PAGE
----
How To Milk A Cow With an Electric Milker

How to milk a cow with an electric milker.

I am not an expert on milking.  I have made my share of mistakes and then some (sorry Faith).  While I was making all those mistakes, I was searching the web for some information, pictures, details.   I couldn’t find straightforward, step-by-step,  instructions for the girl who has never even touched a cow before.   I needed “milking for dummies” with pictures.   I had never before heard the words:  bucket milker, pulsator, vacuum pump, or claw.  Claw?  Are we talking about a  cat or a cow?

So, if there happens to be anyone out there, like me, who wants to learn how to milk a cow,  you have come to the right place!

I have milked by hand.

I have milked with a portable milk pump.

I have milked several cows and even some goats.

I currently have a vacuum-pump hard-wired in our barn.

Whether you are using a portable milk pump, bucket milker, or a big mamma-jamma that is installed permanently in a building, the parts are basically the same and the process is the same.  This is a somewhat long post, however, this entire (milking) process only takes about 6 minutes.

Grab a beverage & settle in and I’ll show you how we milk our girl.

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First, you need a location to milk your cow.  We are soooooo lucky to have this little barn that we use as our “milking parlor.”  When you are hand milking – you can do it anywhere.  We have hand milked in the run-in, in the field, in the paddock.  To hand milk, you just need a bucket, hands & a cow.

To use an electric milking system you are going to need a bit more of a dedicated location.  It will make things a bit easier if you have electricity and hot water available too.

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Welcome to the inside of our milk Barn.

We put a 1/2 wall up to divide the side of the barn where we milk the cow from the other side of the barn.  This helps us keep the cow on her side and leaves the other half out of her sight.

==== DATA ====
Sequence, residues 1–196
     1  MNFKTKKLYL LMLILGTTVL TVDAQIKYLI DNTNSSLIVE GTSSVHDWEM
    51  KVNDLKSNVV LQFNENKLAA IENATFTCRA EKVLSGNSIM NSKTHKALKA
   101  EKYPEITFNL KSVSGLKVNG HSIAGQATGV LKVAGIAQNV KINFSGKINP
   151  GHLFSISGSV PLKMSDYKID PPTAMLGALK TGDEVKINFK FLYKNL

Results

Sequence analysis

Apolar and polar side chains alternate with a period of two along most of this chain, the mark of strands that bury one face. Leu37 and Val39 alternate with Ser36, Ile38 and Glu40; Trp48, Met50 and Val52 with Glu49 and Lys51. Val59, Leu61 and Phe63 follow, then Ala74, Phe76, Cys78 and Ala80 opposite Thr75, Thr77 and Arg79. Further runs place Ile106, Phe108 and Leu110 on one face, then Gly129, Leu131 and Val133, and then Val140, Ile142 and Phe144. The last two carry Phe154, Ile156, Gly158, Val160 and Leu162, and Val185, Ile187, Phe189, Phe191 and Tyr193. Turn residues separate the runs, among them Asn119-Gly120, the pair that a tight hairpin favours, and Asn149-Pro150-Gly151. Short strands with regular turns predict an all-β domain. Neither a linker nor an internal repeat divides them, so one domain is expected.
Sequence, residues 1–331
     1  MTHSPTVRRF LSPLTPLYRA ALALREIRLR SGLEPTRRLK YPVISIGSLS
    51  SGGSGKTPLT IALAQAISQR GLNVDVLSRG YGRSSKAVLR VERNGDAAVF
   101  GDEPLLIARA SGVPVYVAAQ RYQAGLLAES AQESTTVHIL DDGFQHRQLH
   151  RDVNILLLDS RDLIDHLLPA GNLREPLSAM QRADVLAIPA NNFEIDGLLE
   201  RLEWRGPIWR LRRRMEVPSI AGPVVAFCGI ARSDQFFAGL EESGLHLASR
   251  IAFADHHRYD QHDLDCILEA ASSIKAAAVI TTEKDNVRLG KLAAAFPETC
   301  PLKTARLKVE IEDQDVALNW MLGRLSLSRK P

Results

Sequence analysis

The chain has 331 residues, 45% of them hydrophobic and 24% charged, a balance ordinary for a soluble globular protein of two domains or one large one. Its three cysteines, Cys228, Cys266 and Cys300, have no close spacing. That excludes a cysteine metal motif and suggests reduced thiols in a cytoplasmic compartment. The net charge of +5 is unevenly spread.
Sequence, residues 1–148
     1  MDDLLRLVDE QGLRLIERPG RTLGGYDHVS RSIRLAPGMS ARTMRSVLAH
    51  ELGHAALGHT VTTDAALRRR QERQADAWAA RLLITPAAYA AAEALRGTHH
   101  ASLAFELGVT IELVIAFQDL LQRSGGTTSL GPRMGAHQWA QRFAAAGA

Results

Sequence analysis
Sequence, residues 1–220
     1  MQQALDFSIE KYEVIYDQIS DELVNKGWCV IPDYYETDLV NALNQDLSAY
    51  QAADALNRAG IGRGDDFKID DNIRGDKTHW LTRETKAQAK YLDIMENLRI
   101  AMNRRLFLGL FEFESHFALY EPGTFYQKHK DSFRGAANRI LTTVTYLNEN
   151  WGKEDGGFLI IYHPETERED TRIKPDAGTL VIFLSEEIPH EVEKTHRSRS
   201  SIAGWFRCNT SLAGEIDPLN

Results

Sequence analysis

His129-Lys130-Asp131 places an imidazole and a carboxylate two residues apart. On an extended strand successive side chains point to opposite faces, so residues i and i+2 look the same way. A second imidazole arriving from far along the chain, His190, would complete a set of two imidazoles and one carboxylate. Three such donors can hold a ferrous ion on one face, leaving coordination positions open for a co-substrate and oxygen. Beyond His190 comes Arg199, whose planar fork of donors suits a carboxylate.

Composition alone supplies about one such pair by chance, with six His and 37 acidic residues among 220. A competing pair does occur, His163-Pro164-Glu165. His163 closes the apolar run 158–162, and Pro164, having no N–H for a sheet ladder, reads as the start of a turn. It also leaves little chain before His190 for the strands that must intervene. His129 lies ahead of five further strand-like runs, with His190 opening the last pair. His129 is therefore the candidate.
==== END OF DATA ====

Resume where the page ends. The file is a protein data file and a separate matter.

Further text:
We store hay, feed, and other supplies on the right side.  If our cow manages to get her head into a bag of feed or finds a bale of alphafa it can be rather difficult (uh….. nearly impossible) to get her out of it.

So, we have 2 sides.  One for the cow.  One for the stuff.

Here is the back wall on the cow side.  There is a counter storing the milk can and claw.  Under this counter is a giant pump.

Let’s take it one piece at a time.

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This big, scary looking thing is the vacuum pump. All the pump does is suck. You can get brand-new, shiny ones.  You can get cute, tiny ones.  You can even get them on wheels!  Ours is none of those.  Ours was on sale.

It is old.  It is ugly.  It does a great job.  This beast is capable of milking 2 cows.

I like to do things the old fashioned way. I like old things.  I like my old vacuum pump.  It is built out of steel.  It runs like a top.  It is easy to use.  It is easy to work on.

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This big, 4 gallon, stainless steel can on the right is called a milk bucket.  You will need a milk bucket to catch all the milk that comes from your cow.  Ours is an old ChoreBoy.  It has lots of dings, dents and experience.  I may have mentioned that I like old things.  This guy will probably out-live me.

There are 2 tubes going into the top.  The vacuum tube (black one) goes to the vacuum to provide the suction.  The milk tube (clear) carries the milk from the cow to this can.

The doo hicky hanging to the left of the milk bucket is the claw.

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Here is the “Claw.”  You can probably guess what we are going to do with this.  It is what we attach to our cow’s teats to extract the milk.  This is also made of stainless steel and virtually indestructible.  The 4 stainless tubes are referred to as teat cups.  The black parts you see are the “rubbers” also called “inflations.”  The cow’s teats only come in contact with the rubbers.

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This may not look like much, but it is mandatory.  It is the pulsator. This little guy is what will alternate the suction so the whole system will work.

If you have ever used an electric breast pump or been around someone using one – you will know what I am talking about.  The pump can’t just continually suck.  It must have pauses.  The pulsator makes the pauses.  This mimics the sucking of a baby calf.

Vacuum pump = continuous suction

Pulsator = suck-pause-suck-pause

🙂

2 - faith udder

You will also need a cow that is “in milk” or “fresh.”  Hi Faithy!

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Here is a closer look at how we tie up our cow when we milk her . We have a long steel rod with a ring on it.  The ring slides easily up and down on the rod.  We tie her lead (the hot pink thing that looks like a dog leash on steroids) to the ring.  Her lead (leash) is fastened to her harness.

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This allows her to move her head up and down, but she can’t get much side to side movement or back and forth movement.  We tried several different fastening arrangements before settling on this one.

It works well for us because she can eat, she can move her head up and down,  she can move;  but she can’t move too much.   If you know what I mean.